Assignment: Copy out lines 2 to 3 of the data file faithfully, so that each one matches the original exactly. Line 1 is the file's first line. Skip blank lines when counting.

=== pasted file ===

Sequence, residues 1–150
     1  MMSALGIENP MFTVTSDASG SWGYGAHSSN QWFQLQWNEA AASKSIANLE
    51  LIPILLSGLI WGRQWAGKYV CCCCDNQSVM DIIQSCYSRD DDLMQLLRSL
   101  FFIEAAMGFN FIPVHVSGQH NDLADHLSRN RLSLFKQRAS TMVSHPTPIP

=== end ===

     1  MMSALGIENP MFTVTSDASG SWGYGAHSSN QWFQLQWNEA AASKSIANLE
    51  LIPILLSGLI WGRQWAGKYV CCCCDNQSVM DIIQSCYSRD DDLMQLLRSL